The 7th Asian Open Water Swimming Championships took place at Putrajaya Lake in Kuala Lumpur, Malaysia Friday, May 19th through Sunday, May 21st. Representing the host nation, 28-year-old Heidi Gan made history by becoming the first swimmer from Malaysia to win a title at the Asian meet. She won the women’s 10k event over Kazakhstan’s Xeniya Romanchuk by approximately 4 minutes.
As notable as Gan’s victory for Malaysia was, the achievement was overshadowed by a more concerning headline. Although the 5k event that took place earlier in the competition went off smooth, by the time the 10k race was slated to kick-off the water had warmed to an alarmingly high temperature 31.9°C (89.42°F).
According to the FINA Open Water Swimming rule 5.5 that was implemented the year after the death of American open water swimmer Fran Crippen, the water temperature of an open water race should be ‘a minimum of 16°C and a maximum of 31°C’ and should be checked the day of the race, 2 hours before the start, in the middle of the course at a depth of 40 cm.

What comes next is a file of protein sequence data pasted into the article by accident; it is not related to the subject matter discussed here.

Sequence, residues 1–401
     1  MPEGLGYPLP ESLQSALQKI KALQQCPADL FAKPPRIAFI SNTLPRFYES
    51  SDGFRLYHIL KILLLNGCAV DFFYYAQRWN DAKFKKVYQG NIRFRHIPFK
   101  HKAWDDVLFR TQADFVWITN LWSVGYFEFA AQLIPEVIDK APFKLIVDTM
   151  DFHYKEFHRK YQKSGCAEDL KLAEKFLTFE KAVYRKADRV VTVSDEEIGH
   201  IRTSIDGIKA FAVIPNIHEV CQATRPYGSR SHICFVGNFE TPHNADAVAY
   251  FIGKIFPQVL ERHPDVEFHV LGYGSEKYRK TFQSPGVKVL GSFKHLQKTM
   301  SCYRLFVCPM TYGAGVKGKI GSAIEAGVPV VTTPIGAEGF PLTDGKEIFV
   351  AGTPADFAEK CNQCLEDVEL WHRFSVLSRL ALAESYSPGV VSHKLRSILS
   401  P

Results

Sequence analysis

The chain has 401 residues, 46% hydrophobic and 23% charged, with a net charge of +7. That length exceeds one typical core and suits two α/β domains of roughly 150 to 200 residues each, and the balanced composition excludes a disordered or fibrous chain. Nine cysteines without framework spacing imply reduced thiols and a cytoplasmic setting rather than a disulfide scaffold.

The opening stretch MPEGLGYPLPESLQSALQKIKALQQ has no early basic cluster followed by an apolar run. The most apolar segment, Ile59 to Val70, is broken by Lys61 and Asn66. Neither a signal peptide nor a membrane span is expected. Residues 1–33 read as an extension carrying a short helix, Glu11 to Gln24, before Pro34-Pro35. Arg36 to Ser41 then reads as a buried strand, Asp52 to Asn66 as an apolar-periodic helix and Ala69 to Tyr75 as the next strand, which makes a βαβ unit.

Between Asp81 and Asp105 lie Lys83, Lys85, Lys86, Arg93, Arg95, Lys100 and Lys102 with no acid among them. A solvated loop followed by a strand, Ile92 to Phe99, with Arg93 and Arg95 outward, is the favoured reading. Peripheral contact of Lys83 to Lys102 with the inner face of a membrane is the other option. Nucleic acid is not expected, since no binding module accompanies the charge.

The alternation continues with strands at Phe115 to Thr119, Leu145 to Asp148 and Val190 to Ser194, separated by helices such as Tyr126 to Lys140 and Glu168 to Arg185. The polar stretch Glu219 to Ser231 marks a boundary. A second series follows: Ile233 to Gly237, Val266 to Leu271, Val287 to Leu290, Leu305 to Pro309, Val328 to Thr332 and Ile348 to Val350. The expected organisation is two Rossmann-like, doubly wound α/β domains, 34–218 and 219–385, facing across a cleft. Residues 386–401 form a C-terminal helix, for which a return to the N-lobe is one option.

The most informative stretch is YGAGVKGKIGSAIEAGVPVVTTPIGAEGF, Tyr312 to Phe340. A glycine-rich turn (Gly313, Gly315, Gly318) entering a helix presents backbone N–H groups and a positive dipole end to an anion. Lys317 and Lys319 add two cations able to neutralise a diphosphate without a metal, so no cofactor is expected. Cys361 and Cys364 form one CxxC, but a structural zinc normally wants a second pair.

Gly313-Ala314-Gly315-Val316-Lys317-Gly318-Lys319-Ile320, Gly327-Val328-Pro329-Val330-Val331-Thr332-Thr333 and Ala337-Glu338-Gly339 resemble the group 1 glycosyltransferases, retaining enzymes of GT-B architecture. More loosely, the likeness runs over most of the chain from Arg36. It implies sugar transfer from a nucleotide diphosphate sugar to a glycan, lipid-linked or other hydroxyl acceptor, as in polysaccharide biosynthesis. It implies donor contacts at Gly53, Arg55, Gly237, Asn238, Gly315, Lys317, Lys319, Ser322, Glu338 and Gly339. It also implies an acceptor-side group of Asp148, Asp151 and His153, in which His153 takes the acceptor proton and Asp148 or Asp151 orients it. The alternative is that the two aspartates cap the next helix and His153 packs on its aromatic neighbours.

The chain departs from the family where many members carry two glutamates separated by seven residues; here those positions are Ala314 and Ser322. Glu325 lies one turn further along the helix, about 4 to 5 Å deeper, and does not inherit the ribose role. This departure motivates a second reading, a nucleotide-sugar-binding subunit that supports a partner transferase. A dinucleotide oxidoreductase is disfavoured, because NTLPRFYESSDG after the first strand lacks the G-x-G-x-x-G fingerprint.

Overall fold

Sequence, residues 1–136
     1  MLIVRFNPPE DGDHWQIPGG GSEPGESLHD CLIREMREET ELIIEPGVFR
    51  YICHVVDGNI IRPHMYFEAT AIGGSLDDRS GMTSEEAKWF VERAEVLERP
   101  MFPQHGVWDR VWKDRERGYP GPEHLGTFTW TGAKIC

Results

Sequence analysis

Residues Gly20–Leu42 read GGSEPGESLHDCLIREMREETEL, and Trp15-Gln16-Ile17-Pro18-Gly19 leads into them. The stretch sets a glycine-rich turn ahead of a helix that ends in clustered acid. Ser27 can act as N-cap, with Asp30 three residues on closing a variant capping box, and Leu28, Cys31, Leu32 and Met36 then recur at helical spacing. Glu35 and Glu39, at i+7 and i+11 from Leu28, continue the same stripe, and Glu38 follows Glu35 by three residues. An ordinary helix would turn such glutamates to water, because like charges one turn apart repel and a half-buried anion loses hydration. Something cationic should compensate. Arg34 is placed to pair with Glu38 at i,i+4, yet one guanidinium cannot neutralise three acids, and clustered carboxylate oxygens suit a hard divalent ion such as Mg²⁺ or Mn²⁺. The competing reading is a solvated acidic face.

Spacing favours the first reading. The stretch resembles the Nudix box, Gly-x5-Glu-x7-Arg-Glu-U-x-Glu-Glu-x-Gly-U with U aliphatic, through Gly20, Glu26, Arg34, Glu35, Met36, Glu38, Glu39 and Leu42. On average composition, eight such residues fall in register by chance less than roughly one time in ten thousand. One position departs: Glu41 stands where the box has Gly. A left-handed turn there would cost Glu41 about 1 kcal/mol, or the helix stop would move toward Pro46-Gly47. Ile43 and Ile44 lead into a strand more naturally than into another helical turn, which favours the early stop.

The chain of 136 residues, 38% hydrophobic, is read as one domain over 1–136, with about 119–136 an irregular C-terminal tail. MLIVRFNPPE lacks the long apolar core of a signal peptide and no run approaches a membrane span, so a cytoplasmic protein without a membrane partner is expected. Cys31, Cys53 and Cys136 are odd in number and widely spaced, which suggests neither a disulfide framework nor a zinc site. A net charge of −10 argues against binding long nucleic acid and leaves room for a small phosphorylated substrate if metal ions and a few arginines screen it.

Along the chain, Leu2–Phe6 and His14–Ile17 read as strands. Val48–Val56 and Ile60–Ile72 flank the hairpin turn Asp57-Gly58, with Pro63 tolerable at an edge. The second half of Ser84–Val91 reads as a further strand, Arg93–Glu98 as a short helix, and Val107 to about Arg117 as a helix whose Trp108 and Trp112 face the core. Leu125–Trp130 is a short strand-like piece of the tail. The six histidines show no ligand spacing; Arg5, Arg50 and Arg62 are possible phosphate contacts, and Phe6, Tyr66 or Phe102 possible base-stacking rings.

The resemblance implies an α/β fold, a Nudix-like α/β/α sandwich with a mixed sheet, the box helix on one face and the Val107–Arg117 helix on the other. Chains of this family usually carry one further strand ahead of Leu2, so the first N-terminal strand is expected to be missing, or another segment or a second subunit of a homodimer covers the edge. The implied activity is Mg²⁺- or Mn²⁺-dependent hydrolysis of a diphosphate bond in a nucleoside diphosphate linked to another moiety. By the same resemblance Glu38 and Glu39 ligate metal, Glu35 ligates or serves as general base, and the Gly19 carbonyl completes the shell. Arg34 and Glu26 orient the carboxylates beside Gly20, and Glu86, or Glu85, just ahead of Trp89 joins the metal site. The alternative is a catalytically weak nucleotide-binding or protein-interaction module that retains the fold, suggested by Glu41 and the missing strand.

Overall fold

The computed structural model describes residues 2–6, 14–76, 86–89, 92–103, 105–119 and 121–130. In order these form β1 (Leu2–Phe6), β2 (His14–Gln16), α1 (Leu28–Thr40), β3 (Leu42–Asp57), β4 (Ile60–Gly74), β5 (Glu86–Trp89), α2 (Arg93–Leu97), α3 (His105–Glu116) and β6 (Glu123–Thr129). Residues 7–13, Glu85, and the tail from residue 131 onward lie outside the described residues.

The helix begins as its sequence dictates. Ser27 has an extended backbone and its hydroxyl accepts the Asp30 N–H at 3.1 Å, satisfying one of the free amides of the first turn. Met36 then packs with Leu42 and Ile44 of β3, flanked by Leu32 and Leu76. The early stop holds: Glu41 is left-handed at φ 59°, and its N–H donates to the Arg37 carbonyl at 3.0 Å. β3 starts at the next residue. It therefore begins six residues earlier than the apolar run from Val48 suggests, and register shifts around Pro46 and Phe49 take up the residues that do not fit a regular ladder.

In Malaysia this past weekend for the 10k race, however, despite the water temperature exceeding FINA’s own limit, Chairman of the FINA Technical Open Water Swimming Committee, Ronnie Wong, gave the go-ahead for the race to begin. In response, Team Japan withdrew its 10k swimmers from the race citing concerns over health risks, despite having already won the 5k titles.
The 10k race started at 8am local time, but towards the end of the race, the water temperature was measured at 32°C.
Of the decision to proceed with the race despite the temperature, Steven Munatones, found of the World Open Water Swimming Association, KAATSU Global and KAATSU Research Foundation, stated “Although nothing surprises me anymore in the sport, I really do not understand this decision – especially it places human lives in danger.
“This rule took several months of deliberation by and within FINA to implement – precisely because Fran Crippen died under such conditions. FINA already caused controversy when it decided to move forward with its 25 km race at the 2009 World Championships when the water temperatures exceeded 31°C, but here is another example of a major championship event that demands that its athletes race in extremely warm water.” (Open Water Swimming Daily News)